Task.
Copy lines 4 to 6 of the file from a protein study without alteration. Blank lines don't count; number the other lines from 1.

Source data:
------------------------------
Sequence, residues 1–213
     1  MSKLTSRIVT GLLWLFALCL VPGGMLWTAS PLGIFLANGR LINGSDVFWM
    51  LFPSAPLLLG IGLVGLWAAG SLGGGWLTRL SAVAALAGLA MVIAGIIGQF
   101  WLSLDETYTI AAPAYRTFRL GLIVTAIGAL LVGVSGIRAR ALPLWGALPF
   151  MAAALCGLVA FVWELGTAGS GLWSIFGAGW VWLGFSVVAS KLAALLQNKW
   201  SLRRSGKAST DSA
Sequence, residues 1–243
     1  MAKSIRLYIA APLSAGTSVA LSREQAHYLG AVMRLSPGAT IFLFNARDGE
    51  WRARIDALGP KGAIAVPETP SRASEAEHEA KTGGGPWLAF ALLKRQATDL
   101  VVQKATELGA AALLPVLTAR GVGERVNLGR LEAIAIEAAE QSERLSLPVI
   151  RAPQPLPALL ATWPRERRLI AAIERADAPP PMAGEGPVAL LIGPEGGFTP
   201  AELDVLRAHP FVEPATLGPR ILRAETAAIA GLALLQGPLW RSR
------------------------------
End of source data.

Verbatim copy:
   101  WLSLDETYTI AAPAYRTFRL GLIVTAIGAL LVGVSGIRAR ALPLWGALPF
   151  MAAALCGLVA FVWELGTAGS GLWSIFGAGW VWLGFSVVAS KLAALLQNKW
   201  SLRRSGKAST DSA